Electrical wiring is typically covered by homeowners insurance if it’s damaged, but the age of your home and the type of wiring can have an impact on your homeowners insurance rates. That’s because the older the wiring, the more likely it is to be a fire hazard. Knob and tube wiring and aluminum wiring can often result in higher insurance rates.
Can you get homeowners insurance with knob and tube wiring?
You can likely find homeowners insurance if you have knob and tube wiring. However, some insurance companies may not insure a home with knob and tube wiring, and others might charge higher rates due to the fire hazard..
Knob and tube wiring was one of the earliest residential wiring systems and most commonly found in homes built between 1880 and the 1940s. Ceramic knobs anchor the wire to the house framing and porcelain tubes are used where it passes through the framing. The “hot wire” has a cloth or rubber insulation, called the “loom.”
Knob and tube wiring is considered a hazard because of:
- Grounding: Knob and tube doesn't have a grounding conductor, which makes it hazardous in kitchens and bathrooms where it may come in contact with water.
- Age: The insulation surrounding the wiring could have deteriorated, dried and cracked, leaving wires exposed.
- Insulation: If knob and tube wiring is surrounded by insulation, it can cause heat to build up and cause a fire.
- Improper modifications: Modern household appliances such as televisions, dishwashers and refrigerators require a higher voltage than the appliances that were being used when knob and tube wiring was originally installed. It's not uncommon to find that inexperienced electricians made modifications in an attempt to meet new voltage demands, according to the International Association of Certified Home Inspectors.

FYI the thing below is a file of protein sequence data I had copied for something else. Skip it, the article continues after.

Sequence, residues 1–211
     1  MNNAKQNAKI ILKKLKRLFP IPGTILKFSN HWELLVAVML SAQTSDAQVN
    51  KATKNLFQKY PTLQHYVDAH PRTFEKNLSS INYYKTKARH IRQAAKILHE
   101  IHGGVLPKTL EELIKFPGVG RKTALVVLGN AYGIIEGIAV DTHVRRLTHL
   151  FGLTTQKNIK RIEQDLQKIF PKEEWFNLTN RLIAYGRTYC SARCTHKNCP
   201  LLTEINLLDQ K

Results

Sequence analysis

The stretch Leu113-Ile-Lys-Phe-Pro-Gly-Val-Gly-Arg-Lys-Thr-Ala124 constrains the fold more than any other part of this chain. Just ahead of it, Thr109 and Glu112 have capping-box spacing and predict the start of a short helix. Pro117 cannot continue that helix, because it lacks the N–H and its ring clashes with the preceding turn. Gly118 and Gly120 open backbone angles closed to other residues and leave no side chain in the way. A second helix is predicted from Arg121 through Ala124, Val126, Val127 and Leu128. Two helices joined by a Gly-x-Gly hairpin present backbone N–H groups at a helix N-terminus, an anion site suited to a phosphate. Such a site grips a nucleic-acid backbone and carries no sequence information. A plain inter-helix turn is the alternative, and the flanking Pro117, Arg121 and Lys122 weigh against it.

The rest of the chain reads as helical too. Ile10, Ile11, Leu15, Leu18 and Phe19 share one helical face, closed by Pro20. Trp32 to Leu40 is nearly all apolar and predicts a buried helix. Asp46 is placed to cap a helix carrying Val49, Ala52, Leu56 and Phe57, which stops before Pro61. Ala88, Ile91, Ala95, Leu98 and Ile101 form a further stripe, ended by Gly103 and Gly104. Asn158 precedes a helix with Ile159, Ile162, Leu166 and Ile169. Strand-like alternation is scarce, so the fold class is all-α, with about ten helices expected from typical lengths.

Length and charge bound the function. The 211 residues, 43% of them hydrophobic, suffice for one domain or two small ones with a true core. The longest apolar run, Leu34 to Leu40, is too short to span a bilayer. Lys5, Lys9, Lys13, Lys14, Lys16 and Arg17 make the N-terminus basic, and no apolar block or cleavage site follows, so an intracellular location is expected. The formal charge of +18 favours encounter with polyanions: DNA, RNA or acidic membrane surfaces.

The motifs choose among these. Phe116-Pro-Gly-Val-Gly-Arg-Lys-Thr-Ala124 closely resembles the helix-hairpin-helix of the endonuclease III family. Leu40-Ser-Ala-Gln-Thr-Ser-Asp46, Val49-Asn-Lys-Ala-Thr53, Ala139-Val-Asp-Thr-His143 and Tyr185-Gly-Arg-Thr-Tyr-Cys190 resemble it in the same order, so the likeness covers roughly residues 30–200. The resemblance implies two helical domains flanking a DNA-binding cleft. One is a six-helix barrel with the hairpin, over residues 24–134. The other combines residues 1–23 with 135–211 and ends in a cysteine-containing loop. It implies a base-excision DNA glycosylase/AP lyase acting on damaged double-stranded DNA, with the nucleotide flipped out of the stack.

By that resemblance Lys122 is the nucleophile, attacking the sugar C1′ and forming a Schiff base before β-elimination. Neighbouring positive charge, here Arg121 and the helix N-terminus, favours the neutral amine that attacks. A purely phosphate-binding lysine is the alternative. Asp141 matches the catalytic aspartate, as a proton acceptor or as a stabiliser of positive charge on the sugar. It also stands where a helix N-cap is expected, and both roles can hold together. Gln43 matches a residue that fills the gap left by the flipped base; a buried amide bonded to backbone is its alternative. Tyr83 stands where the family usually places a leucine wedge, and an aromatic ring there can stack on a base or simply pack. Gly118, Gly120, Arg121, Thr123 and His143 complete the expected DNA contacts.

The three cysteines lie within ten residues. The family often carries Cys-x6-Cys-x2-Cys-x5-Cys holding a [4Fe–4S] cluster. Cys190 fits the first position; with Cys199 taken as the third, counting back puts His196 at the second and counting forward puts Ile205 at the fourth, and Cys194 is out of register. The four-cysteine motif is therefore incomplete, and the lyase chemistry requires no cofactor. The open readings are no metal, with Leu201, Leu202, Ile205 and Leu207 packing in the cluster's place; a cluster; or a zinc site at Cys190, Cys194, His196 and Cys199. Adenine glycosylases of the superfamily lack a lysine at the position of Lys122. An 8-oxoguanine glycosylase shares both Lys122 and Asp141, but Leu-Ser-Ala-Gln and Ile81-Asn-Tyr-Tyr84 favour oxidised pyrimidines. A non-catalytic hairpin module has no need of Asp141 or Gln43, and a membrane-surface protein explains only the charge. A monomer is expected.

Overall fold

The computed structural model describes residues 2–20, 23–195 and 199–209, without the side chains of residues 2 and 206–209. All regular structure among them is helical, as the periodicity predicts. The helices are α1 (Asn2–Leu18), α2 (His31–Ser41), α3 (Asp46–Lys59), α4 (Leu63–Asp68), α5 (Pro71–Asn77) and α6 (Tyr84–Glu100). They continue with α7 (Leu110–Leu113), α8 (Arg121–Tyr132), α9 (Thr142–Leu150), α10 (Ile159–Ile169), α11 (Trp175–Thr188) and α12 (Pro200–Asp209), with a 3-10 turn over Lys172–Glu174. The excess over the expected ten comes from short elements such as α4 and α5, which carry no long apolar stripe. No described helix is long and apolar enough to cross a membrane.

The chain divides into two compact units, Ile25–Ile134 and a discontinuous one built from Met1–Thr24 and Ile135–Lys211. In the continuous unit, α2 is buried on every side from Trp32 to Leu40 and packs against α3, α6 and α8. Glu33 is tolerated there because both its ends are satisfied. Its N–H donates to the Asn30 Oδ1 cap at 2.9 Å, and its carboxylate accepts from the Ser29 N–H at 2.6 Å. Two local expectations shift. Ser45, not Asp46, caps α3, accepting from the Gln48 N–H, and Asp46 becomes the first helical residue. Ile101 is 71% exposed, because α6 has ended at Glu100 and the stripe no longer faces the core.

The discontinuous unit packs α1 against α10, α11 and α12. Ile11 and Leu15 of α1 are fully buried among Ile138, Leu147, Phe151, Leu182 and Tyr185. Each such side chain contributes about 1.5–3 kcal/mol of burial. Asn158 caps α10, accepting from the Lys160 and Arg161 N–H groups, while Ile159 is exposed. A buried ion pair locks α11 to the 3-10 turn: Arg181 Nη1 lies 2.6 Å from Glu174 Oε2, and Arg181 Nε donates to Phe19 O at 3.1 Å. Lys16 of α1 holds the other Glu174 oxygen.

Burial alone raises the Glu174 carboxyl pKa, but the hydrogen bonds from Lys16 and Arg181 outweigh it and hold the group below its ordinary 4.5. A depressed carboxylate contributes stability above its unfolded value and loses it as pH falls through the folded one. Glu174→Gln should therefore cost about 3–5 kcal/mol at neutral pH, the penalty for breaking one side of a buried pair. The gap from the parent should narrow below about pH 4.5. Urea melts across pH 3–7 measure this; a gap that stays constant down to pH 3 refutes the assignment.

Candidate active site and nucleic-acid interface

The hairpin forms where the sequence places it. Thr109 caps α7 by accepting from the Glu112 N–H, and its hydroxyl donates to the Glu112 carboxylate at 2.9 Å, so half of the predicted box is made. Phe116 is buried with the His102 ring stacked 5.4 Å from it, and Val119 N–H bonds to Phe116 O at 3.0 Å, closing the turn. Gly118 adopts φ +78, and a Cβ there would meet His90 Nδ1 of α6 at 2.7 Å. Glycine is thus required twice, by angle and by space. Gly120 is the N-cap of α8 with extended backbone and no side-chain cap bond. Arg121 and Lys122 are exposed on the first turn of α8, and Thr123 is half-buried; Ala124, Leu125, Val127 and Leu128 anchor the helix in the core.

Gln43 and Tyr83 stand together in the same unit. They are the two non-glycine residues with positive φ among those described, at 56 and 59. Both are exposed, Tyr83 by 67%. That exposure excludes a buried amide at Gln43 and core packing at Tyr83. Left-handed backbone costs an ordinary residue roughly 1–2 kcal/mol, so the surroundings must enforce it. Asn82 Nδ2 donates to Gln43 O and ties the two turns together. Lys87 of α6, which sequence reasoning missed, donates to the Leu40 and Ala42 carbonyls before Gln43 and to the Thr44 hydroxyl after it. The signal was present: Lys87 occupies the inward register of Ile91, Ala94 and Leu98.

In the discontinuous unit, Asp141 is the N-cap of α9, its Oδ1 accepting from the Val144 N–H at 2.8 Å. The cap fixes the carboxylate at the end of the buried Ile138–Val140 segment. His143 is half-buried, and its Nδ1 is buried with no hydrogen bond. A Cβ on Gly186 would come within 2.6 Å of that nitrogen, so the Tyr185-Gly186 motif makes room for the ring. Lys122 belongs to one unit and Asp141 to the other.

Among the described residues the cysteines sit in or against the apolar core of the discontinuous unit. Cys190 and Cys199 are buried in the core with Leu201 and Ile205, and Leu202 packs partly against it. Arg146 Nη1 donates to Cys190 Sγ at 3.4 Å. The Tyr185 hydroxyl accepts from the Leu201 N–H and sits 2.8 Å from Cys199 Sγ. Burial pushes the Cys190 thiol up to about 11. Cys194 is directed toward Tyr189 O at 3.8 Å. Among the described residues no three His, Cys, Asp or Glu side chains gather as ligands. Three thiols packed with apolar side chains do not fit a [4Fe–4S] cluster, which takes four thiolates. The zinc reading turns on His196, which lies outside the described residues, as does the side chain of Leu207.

Can you get homeowners insurance with aluminum wiring?
You can get homeowners insurance if you have aluminum wiring but, like knob and tube wiring, some insurance companies may charge higher rates or not cover aluminum wired homes.
Homes wired with aluminum are 55 times more likely to have one or more connections at outlets reach fire hazard conditions, according to the U.S. Consumer Product Safety Commission.
Aluminum wiring was prevalent in homes built between 1965 and 1973. At the time, aluminum was a cheaper substitute for copper.
Aluminum wiring is considered a hazard because of:
- Aging: Aluminum wiring is less durable than copper wiring. Copper is more resistant to damage and generally has a longer life.
- Overheating: Because aluminum breaks down faster than copper, the risk of overheating is greater due to oxidation, excessive vibration and other issues.
What can you do if your home has knob and tube or aluminum wiring?
If your home has old wiring, it's a good idea to have it checked by a licensed electrician to see if you need to have the wiring replaced. If you do update the wiring, ask your home insurance company if you're eligible for a new-wiring credit.
Signs your home may have outdated wiring include:
- Your home is more than 40 years old.
- Your home has ungrounded two-prong outlets.
- Your home has frequent blown fuses or tripped breakers.
- Major appliances such as a dishwasher or refrigerator strain your existing electrical system.
- Lights dim or flicker.
- You get sparks and/or an electric shock from an outlet when you unplug or plug a cord.
- You hear buzzing and/or sizzling sounds.
- You get a burning smell.
Here’s a room-by-room electrical safety checklist from the U.S. Consumer Product Safety Commission.